Survey: Mobile dev momentum "shifting back" to Apple
A new survey concludes that developer momentum is shifting away from Android and back towards Apple.
The survey - conducted by Appcelerator and IDC - blames fragmentation and tepid interest in current Android tablets for "chipping away" at Google's recent momentum gains.
To be sure, interest in Android seems to have "plateaued" as concerns about fragmentation and disappointing results from early tablet sales cause developers to "pull back" from their previous steadily increasing enthusiasm for Google's mobile operating system.
"While this opens the door a crack for new entrants, nearly two-thirds of respondents believe that it is not possible for Microsoft, RIM, HP, and Nokia to reverse momentum relative to Apple and Google," the report stated.
"Underscoring the fluidity of the mobile ecosystem and in a peculiar turn of events, recent simultaneous drops in developer interest in Windows Phone 7 and BlackBerry OSes move Windows Phone 7 ahead of BlackBerry to claim the third spot in developer interest."
The report also emphasized there was "little room" for error in strategy or execution - with over a trillion dollars in market cap at play.
"This past quarter showed that even strong announcements and solid product introductions can still leave contenders to Apple's app developer mindshare dominance at risk of falling further behind."
Other key findings of the survey include:
- Apple iOS interest remains high with 91% of developers saying they are "very interested" in iPhone development and 86% are very interested in developing for the iPad.
- When it comes to fragmentation, Android's issues are not the number one concern among developers. In fact, fragmentation in mobile today is six layers deep. Android fragmentation only ranks third behind the fragmentation of skills (eg: Objective-C vs. Java), and the fragmentation of OS capabilities (eg: iOS vs. Android vs. WP7). This context sheds light on how fragmentation within the Android operating system compounds an already larger problem, and it will be a critical issue for Google to address and an opportunity for competitors like Microsoft, HP, Nokia and RIM to exploit.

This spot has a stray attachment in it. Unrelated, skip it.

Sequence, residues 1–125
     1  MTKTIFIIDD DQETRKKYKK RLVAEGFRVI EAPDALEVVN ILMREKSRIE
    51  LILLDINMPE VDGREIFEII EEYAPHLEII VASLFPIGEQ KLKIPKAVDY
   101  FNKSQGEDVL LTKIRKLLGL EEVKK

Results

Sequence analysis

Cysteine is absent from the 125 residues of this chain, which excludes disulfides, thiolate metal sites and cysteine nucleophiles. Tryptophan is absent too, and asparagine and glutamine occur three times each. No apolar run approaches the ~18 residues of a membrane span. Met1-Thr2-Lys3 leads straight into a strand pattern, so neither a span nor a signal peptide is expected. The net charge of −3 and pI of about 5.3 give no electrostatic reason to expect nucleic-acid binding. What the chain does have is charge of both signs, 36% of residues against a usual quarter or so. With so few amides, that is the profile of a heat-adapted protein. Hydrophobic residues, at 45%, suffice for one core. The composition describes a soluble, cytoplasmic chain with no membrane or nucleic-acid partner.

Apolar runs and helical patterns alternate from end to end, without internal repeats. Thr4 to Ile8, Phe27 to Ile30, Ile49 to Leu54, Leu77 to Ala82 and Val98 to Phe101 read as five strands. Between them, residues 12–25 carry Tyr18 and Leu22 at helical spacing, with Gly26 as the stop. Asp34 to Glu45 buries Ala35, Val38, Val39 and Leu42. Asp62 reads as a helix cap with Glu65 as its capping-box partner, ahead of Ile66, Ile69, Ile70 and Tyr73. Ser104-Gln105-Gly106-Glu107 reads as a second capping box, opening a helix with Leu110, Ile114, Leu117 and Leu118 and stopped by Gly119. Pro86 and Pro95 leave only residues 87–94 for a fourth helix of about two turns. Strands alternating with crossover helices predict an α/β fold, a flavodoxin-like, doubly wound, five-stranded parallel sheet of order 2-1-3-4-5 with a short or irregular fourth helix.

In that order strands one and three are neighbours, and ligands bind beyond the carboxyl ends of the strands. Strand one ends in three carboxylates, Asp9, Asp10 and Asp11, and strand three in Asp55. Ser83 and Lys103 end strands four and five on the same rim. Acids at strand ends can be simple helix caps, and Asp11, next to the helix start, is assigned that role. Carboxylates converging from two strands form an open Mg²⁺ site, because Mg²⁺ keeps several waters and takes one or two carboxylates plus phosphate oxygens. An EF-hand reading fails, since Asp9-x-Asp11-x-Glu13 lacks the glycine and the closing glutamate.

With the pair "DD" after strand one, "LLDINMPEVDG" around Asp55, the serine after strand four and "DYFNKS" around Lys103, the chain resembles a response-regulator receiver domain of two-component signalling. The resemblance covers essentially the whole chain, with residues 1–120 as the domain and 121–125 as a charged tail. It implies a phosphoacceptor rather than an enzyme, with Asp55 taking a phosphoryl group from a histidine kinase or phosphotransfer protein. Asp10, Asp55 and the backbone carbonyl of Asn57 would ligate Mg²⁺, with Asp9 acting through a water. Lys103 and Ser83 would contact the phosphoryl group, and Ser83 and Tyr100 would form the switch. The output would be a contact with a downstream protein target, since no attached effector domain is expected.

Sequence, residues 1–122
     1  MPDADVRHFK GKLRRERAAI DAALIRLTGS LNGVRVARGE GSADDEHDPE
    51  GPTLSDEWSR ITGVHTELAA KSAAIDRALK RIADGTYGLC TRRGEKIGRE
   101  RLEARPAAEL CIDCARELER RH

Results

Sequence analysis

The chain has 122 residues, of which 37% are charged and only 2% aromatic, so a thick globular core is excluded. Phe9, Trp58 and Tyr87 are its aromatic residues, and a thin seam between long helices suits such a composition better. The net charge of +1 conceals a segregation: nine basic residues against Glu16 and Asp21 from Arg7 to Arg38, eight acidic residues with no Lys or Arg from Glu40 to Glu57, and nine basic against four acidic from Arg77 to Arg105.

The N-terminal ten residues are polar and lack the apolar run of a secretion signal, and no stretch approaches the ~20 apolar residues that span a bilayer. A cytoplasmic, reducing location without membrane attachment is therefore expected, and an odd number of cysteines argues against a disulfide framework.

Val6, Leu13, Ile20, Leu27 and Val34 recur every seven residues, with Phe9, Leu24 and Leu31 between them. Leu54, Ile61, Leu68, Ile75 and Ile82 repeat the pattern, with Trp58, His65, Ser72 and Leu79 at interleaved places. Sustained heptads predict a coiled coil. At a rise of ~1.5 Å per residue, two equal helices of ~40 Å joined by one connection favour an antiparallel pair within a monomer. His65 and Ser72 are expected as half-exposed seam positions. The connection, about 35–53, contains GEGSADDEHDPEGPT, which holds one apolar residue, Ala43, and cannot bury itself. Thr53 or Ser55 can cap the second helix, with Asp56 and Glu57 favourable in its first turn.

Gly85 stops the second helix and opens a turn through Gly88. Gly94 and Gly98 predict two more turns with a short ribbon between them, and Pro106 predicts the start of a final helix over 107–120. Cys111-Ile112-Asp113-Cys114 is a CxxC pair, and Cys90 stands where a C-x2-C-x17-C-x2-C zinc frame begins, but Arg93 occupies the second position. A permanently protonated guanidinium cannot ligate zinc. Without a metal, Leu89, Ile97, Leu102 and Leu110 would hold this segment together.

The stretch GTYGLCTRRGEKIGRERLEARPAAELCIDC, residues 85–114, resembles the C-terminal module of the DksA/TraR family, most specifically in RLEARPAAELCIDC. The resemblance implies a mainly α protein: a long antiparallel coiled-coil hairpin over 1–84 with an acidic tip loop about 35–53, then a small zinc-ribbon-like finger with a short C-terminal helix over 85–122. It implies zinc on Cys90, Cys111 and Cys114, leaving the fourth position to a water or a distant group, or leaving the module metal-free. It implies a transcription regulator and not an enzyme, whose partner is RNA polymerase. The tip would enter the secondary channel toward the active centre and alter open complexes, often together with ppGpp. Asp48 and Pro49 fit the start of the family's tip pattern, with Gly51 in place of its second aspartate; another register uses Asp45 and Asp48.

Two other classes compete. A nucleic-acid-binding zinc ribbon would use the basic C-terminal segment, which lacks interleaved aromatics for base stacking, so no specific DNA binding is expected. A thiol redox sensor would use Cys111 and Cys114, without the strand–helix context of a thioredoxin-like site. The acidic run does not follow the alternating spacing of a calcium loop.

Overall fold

- While 71% of developers are very interested in Android as a tablet OS, only 52% are very interested in one of the leading Android tablet devices today, the Samsung Galaxy Tab. Further down the list, only 44% are very interested in the Motorola Xoom and 31% in the upcoming HTC Flyer. Smaller players (Acer, Archos, etc.) register minimal interest. In short, the promise of an Android tablet is appealing, but the reality of currently, or soon-to-be, shipping devices is disappointing to developers.
- Microsoft's biggest problem with developers may simply be available time as noted by the 46% of respondents who indicated "I have my hands full with iOS and/ or Android." In addition to landing major distribution partnerships and exploiting Android's fragmentation and security holes, making app migrations from iOS and Android to Windows Phone 7 easy and profitable for developers will be critical for Microsoft.